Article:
Image By: Michael Marcotte/Plastics News Peter Schmitt, managing director at Montesino Associates LLC, speaks about film and sheet pricing at the Plastics Financial Summit.
CHICAGO — Savvy customers closely follow the prices of raw materials. The result: in the film and sheet segment of the plastics industry, even if processors could pass along every increase instantly, they would still face the challenge of low margins.
Customers tend to see the value of film and sheet as the value of the raw material, said Peter Schmitt, managing director at Montesino Associates LLC.
“If we look at the end user, the people buying our film, there’s little willingness to pay for the processing step,” Schmitt told attendees of the Plastics News Financial Summit on April 2. “The value is more and more perceived to be the raw material.”
Is this a zero-sum game?
It doesn’t have to be.
Schmitt recommends merging conversion steps for barrier layers that extend shelf life or guard against moisture, gas, oxygen and chemicals into mono-film processing when possible.
“You’re moving the value away from one material into your film,” Schmitt said. “It changes the fundamental economics.”
For example, PVC extruders can go from a margin of 25 cents per square foot to $3 with a laminating step. Sure, customers might complain the film now costs 10 times the price of PVC.
“But gosh, it’s got 40 times the barrier,” Schmitt said.
The extra step can take processors from captive-margin situations, which benefit only resin suppliers, to getting some margin back to the merchants.
Printing, coating and laminating are common processes to add value to film. So is percent of recycled content. And, wider use of intelligent films is on the horizon.
Smart films contain high-tech features like sensors that detect pathogens in food or radio frequency identification (RFID), which interfaces with a network to track products. RFID could usurp the universal product code one day and allow for checkout-free grocery shopping.
“In the next five years, it will be fascinating — bar codes, chips, RFID,” Schmitt said. “There’s going to be a huge demand for intelligent film and it’s a way for us to differentiate.”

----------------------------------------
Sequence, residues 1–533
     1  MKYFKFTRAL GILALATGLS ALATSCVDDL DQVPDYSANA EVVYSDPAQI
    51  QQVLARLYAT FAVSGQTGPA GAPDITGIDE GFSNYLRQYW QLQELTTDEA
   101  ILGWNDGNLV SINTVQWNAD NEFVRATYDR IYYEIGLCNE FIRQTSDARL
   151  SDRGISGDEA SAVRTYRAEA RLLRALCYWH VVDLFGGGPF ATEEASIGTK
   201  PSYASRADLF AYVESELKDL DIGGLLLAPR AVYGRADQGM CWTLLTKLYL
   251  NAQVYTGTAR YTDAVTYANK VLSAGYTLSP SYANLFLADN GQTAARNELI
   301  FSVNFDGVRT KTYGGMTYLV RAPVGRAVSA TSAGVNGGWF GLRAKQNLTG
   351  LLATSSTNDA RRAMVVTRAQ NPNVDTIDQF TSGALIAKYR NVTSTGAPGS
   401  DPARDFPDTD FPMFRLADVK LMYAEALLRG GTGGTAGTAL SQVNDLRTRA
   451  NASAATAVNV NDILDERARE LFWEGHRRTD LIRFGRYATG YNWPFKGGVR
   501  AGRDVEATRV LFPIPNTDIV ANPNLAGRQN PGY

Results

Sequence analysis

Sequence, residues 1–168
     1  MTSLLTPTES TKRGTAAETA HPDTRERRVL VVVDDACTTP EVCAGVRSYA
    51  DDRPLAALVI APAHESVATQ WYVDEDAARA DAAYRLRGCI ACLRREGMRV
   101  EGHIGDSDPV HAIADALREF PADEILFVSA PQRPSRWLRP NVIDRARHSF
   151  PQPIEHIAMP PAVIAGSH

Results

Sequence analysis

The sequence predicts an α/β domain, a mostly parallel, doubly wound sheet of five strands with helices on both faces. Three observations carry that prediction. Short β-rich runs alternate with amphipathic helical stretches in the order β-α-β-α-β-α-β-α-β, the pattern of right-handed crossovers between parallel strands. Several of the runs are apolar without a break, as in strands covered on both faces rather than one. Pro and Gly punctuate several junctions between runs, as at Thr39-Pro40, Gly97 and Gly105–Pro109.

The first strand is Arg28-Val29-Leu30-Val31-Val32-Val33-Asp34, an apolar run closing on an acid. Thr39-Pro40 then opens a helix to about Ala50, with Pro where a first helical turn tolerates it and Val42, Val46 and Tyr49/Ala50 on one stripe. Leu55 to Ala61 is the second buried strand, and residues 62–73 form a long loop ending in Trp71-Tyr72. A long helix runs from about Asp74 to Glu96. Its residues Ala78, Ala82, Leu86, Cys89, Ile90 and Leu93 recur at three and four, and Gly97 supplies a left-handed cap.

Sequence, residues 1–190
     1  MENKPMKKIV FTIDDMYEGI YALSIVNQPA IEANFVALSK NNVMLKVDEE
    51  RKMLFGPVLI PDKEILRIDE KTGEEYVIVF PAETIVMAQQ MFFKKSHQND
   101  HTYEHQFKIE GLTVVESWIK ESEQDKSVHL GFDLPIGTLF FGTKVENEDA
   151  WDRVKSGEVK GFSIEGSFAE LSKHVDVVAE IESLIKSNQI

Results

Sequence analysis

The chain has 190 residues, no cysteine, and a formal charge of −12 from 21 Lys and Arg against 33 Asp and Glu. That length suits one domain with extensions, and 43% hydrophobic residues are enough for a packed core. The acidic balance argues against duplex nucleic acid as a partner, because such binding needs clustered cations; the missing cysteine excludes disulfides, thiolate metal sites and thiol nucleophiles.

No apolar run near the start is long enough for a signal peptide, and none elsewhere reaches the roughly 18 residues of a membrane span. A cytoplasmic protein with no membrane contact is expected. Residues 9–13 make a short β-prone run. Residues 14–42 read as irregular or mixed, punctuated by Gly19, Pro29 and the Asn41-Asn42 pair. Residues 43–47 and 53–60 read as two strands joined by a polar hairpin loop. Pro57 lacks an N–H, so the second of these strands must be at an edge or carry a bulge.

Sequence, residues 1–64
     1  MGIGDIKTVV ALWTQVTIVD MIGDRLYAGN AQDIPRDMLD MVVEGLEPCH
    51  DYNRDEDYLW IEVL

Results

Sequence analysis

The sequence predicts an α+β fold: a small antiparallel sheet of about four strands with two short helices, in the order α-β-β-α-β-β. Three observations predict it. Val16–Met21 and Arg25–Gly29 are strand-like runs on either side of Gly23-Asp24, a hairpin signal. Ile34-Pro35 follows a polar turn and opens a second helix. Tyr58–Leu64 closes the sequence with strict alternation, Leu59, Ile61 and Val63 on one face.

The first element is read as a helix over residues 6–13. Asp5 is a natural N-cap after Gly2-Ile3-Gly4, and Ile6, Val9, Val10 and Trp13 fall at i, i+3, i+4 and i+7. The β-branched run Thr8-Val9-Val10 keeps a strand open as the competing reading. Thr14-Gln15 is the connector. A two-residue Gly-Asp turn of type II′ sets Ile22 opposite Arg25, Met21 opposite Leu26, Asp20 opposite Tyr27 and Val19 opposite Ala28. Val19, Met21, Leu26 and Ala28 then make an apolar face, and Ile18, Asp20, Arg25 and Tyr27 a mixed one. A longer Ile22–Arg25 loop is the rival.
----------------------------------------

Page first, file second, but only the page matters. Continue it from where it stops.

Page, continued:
Another way to free captive margins is to go on offense, according to Tom Langan, a consultant with WTL Trading Inc. who specializes in commodity-price sensitive businesses.
“Why leave yourself exposed to the marketplace?” he asked. “Sell it forward. I’m talking about strategies to implement in the next month and months out.”
Selling forward involves buying resin at a fixed price and selling a product at a fixed price. To address concerns about resin prices dropping, processors can also sell a put option that gives their customers downside-price protection.
“You determine what the premium is,”’ he said.
Processors also can buy a call option to protect themselves in case resin prices collapses. The option lets them lock in the lower cost.
“Get rid of the option you have and now you have a big, fat margin,” Langan said. “Options, in short, give you time. You don’t have to hold onto them. They are tradable, particularly in the futures market.”
While call options come at a price, the premium is only too much if you hold it, Langan added. He urges plastic processors to learn more about options and use them.
“You will love them and you won’t look back,” he said.
Langan argues that plastics processors will have no competition for this strategy.
“Anyone out there offering fixed-price deals forward, options insurance against the price? It’s great to have the playing field all to yourself for once,” he said.
To establish a program, executives need to write a margin management policy to formalize objectives and rules and then put an experienced risk manager in charge of it.
“Happy margins,” Langan said. “They will no longer be captive. You go get them.”